In her thirties, Lindsey Guilmette was happily married and working as a researcher in the health sector, when she and her husband decided to take the next step and have a baby. That’s when Yale Medicine’s Adult Congenital Cardiology Program came into play.
Robert Elder, MD, director of the Adult Congenital Cardiology Program of the Pediatric Cardiology Program at Yale New Haven Children’s Hospital (YNHCH), says that a life event such as having a baby can – and should – bring these patients to his office for careful planning and management.
Guilmette, who had not seen a cardiologist for years, decided to consult a cardiologist. “I was nervous, says Guilmette. “There are unknowns that people who haven’t had these issues don’t have to think about. I always wondered, ‘How will my body handle it all?’ »
Doctors told her that the pulmonary valve she treated as a child was leaking badly and needed to be replaced with an artificial valve before she could safely manage a pregnancy. So, in 2017, she underwent a second heart operation. She recovered within a few weeks, then started thinking about the pregnancy again.
Guilmette’s doctors were encouraging. “It’s very different from what it was. It’s very rare that we advise a woman with congenital heart disease not to at least try to get pregnant,” says program specialist John Fahey, MD, adding that with the proper support, most women with a history of congenital heart defects are able to have a successful pregnancy.”But a congenital cardiologist will be aware of several issues,” he adds. puts a volume load on your heart because in the last trimester the amount of blood the mother’s heart has to pump increases by about 30%. Delivery is also stressful. To get a baby out, your blood flow has to increase by more than 50%. Women should also consult their doctor about medications such as blood thinners, which can damage the fetus, he says.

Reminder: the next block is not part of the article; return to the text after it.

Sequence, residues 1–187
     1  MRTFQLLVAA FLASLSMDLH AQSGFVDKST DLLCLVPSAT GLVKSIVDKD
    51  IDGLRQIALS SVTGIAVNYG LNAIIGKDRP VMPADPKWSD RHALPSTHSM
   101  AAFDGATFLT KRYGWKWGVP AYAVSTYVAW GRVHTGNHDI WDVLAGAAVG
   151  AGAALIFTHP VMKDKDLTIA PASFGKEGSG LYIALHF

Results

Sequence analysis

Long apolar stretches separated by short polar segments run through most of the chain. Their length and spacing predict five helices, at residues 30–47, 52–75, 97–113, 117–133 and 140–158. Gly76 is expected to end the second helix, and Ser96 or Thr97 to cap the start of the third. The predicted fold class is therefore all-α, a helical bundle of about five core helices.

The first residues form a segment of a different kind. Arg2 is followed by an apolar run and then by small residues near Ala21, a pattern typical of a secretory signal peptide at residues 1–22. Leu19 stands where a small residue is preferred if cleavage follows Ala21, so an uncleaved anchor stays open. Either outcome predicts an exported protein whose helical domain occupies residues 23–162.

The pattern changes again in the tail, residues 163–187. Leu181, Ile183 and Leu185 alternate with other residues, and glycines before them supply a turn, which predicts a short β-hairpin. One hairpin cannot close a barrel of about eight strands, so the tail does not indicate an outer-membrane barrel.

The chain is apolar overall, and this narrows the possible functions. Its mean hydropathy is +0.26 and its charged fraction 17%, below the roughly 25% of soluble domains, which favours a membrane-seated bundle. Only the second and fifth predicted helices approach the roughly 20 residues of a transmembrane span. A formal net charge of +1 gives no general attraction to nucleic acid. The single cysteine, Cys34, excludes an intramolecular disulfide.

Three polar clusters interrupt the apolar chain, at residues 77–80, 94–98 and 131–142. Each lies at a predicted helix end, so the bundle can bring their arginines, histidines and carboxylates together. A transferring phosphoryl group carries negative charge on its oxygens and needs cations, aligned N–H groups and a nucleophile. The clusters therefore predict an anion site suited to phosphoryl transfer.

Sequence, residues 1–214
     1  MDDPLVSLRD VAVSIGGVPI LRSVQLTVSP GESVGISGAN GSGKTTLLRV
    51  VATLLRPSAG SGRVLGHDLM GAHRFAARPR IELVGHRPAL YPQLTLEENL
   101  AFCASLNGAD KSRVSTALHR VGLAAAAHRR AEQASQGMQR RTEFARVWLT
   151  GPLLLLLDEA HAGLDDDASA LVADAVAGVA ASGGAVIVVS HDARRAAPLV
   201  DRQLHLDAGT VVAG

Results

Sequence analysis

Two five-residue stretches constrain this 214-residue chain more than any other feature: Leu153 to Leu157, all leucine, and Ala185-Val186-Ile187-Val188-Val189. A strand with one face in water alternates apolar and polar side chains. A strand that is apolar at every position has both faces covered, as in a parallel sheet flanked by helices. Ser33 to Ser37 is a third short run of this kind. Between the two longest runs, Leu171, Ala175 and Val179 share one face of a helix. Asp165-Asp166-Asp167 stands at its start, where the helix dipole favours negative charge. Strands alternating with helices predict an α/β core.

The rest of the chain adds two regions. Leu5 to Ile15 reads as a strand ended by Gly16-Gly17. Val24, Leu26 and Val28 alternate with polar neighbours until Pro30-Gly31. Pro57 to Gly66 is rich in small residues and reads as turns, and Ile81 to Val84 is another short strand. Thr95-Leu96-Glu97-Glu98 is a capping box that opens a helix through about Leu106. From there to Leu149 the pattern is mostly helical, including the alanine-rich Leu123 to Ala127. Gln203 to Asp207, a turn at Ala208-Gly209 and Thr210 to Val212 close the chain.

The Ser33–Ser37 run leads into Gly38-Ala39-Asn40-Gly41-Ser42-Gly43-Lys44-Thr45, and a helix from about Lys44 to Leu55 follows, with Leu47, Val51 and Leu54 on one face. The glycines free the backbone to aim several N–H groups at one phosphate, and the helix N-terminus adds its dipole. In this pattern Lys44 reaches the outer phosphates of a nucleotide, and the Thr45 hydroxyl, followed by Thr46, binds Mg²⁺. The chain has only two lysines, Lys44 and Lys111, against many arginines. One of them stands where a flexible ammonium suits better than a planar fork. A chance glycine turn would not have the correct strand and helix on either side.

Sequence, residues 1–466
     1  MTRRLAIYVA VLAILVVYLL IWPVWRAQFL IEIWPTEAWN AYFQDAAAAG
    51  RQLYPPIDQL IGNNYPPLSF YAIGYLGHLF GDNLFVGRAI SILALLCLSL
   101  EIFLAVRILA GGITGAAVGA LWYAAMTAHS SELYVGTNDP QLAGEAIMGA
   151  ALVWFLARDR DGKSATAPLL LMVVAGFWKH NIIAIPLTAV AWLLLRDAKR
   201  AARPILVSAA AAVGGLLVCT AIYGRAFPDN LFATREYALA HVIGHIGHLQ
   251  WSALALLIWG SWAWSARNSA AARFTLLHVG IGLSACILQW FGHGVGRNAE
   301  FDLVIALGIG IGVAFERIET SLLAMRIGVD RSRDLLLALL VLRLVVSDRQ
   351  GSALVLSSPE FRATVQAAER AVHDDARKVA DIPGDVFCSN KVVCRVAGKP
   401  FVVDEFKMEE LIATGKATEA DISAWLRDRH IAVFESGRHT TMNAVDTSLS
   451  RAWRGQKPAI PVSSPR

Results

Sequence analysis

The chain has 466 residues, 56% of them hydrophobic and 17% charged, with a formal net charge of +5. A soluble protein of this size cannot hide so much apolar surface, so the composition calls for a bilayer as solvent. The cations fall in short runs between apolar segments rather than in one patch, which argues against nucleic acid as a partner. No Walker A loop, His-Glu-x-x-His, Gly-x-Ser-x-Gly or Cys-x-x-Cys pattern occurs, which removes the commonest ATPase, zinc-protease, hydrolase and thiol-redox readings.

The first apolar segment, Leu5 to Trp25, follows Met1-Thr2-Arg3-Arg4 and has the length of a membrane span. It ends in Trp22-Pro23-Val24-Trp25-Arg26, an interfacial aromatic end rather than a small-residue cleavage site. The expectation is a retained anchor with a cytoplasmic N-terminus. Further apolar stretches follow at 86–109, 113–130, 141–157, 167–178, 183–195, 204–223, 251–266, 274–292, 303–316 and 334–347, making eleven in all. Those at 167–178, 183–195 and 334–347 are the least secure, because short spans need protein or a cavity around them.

Dr. Elder and a team of maternal-fetal medicine specialists supported Guilmette throughout her pregnancy. She gave birth to a daughter, Riley, by caesarean section, with cardiologists present in the operating room.
“I was so relieved. It was like a miracle,” Guilmette says.